Dissected: Getting under your skin

foot dissection2Broadcaster: BBC4

Year: 2016 (originally 2014)

Genre: Documentary

URLs:
Hand (episode 1) https://learningonscreen.ac.uk/ondemand/index.php/clip/95314
Foot (episode 2) https://learningonscreen.ac.uk/ondemand/index.php/clip/91909

Review by Eunice Muruako

In two hour-long episodes, presenter George McGavin (Glasgow University) delves beneath the skin to expose the anatomy of the human hand and foot. The series sheds light on the various functions of the hand and foot by identifying the muscles, tendons and ligaments responsible for movement, and how the human anatomy compares with that of other animals.

Episode 1: Hand The dissection of the donor arm begins in the forearm to expose the muscles which give power to the hand for gripping and the tendons which attach each muscle to the bones in the fingers. The surgeon demonstrates how the tendons motion in the hand by tugging on the tendons to cur the fingers. The structure of the hand can be changed with heavy use – the X-ray of a frequent rock climber shows that the cortical bone (the hard outer layer of the skeleton) is thicker than in a non-climber the tendons and pulleys are also thicker, this allows their hands to maintain a firmer grip.

A feature of the human hand which is distinguished from most other animals is the opposable thumb; it is the most mobile finger and the saddle joint the base allows it to be positioned directly opposite each of the other fingers. Chimpanzees also have opposable thumbs, however there are differences between a human and chimpanzee hands: chimps have shorter thumbs relative to their other fingers making it more difficult to use precision grips but allowing them to hang from trees. Anthropologist Dr Tracy Kivell suggests in the programme that human hand evolved from a chimpanzee-like structure because of our use of tools and no longer needing to walk with our hands. However, research published in 2015 by Alméjica and colleagues found that the human hand may actually be more primitive than a chimp’s. The researchers compared the thumb and finger proportions of living apes and monkeys with extinct species and found that early ancestors had hands more like humans today. Commentary in the journal Science summarises the study and opinions on the study by other experts in the field.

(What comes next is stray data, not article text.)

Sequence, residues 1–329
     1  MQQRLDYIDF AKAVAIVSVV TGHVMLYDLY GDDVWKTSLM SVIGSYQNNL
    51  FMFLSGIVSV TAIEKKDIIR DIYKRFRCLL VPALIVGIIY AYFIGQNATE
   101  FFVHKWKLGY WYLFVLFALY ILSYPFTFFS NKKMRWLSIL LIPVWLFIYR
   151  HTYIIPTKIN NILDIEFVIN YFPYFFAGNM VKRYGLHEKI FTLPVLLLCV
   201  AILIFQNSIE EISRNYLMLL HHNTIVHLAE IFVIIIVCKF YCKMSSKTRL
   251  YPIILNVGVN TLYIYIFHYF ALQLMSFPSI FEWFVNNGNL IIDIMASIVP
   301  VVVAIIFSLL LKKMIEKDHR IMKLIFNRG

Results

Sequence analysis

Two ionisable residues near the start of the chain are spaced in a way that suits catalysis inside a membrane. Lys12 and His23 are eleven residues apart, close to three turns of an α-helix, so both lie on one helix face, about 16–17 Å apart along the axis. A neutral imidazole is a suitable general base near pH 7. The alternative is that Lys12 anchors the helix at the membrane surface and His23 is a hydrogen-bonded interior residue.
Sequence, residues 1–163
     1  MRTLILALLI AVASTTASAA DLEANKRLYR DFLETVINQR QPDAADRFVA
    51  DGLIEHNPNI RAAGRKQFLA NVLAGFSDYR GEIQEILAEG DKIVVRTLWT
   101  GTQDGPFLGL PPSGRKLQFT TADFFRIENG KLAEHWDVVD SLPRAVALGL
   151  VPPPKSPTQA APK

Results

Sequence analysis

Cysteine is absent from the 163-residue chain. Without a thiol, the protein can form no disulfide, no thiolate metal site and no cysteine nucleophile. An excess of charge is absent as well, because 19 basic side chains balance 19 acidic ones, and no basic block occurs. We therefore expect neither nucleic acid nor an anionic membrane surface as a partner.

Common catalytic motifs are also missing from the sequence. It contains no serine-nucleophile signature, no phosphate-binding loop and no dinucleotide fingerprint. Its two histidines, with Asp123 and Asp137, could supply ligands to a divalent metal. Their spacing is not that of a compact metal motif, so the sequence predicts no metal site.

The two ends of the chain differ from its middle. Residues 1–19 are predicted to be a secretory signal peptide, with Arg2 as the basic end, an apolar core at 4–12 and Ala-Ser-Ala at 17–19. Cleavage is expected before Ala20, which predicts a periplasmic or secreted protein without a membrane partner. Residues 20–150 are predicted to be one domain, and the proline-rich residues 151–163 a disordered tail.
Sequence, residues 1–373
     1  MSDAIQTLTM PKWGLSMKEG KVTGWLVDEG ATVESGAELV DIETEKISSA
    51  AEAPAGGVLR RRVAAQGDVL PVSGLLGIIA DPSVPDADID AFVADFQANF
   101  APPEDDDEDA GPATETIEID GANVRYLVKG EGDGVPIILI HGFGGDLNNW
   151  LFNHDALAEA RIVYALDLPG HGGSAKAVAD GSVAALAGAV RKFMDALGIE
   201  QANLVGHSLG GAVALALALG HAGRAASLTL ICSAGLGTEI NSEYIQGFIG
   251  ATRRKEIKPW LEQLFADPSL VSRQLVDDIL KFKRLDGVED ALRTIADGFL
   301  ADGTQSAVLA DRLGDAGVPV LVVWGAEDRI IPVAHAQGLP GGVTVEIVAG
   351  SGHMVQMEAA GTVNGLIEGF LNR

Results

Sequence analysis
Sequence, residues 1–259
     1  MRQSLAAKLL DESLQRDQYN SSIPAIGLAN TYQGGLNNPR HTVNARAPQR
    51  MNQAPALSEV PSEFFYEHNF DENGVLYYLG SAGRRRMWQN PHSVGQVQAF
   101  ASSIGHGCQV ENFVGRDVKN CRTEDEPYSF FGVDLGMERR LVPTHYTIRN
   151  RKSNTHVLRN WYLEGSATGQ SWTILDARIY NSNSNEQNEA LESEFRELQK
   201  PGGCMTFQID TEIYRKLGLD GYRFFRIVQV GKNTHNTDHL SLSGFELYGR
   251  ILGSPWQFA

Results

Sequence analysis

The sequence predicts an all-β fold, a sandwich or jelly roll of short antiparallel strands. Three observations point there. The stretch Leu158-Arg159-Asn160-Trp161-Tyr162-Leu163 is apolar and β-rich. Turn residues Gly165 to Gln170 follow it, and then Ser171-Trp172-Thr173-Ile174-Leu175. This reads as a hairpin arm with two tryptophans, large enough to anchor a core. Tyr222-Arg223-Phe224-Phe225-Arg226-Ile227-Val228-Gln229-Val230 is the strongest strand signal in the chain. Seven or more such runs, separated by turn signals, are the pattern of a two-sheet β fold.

The final part of the dissection reveals the median and ulnar nerves which convey sensory information from the hand, the fingertips contain the highest concentration of the smallest nerve branches resulting in greater sensation than almost anywhere else in the body. The sensitivity of the fingertips is shown by McGavin attempting to identify two objects, first with his forearm and then with his fingertips. Although he is able to gain some information about the objects’ size and texture with his forearm McGavin is unable to identify the banana and coin until he uses his fingertips, he is even able to identify which coin it is. Scientists at Exeter University are attempting to replicate the sensation of the fingertips to create the ability to touch objects remotely. As Dr Ian Summers explains, the tactile stimulator designed by the Exeter team is able to simulate touch by recreating the vibrations caused by the skin interacting with the surface of the material.

Episode 2: Foot In the second part of the series George McGavin takes a look at a dissection of the human foot. Following the same approach as that used in the first episode, muscle groups, bones, tendons and nerve endings are gradually revealed and their function in the operation of the foot is explained.

The heel is covered in many layers of dead skin cells and fat which act as padding to cushion from impact. When McGavin meets with Professor Rami Abboud he learns that the heel absorbs 2-3 times the body weight during the heel strike when walking or running and so the cushioning is important to improve the shock absorbing ability of the heel. However the heel strike is completely eliminated when the volunteer is asked to run barefoot; all the impact is taken on the balls of the feet and the toes, this spreads the pressure over a larger surface area and reduces the shock absorbed. The weight bearing ability of the foot is distributed across the heel to the toes connected by a layer of tissue, known as the plantar fascia, which is responsible for delivering mechanical power to the foot. Power generated in the calf muscles is transferred to the heel via the Achilles tendon when the muscle contracts.

The final dissection of the foot is the big toe which bears the greatest amount of force during movement. The tendon which connects to the big toe runs along the entire length of the foot to the muscles in the calf.

As with the hand, the structure and function of the foot is compared with other animals. Tetrapod animals, including humans, have pentadactyl limbs which consist of five fingers or toes. The pentadactyl limb has evolved in many different ways allowing horses to run at speed on a single toe, and chameleons to grip onto branches. The orangutan’s foot structure is not as rigid as the human foot and is instead more similar to the human hand which allows them to curl around branches and vines, the flexibility of the orang’s foot is aided by the mid-tarsal joint.

These episodes would also be of interest to medical students.

Simple guides on the anatomy of the hand and foot, as well as other structures, can be found at teachmeanatomy.info.

Please note a version of episode 1 (the incredible human hand) with sign language is available via this link.

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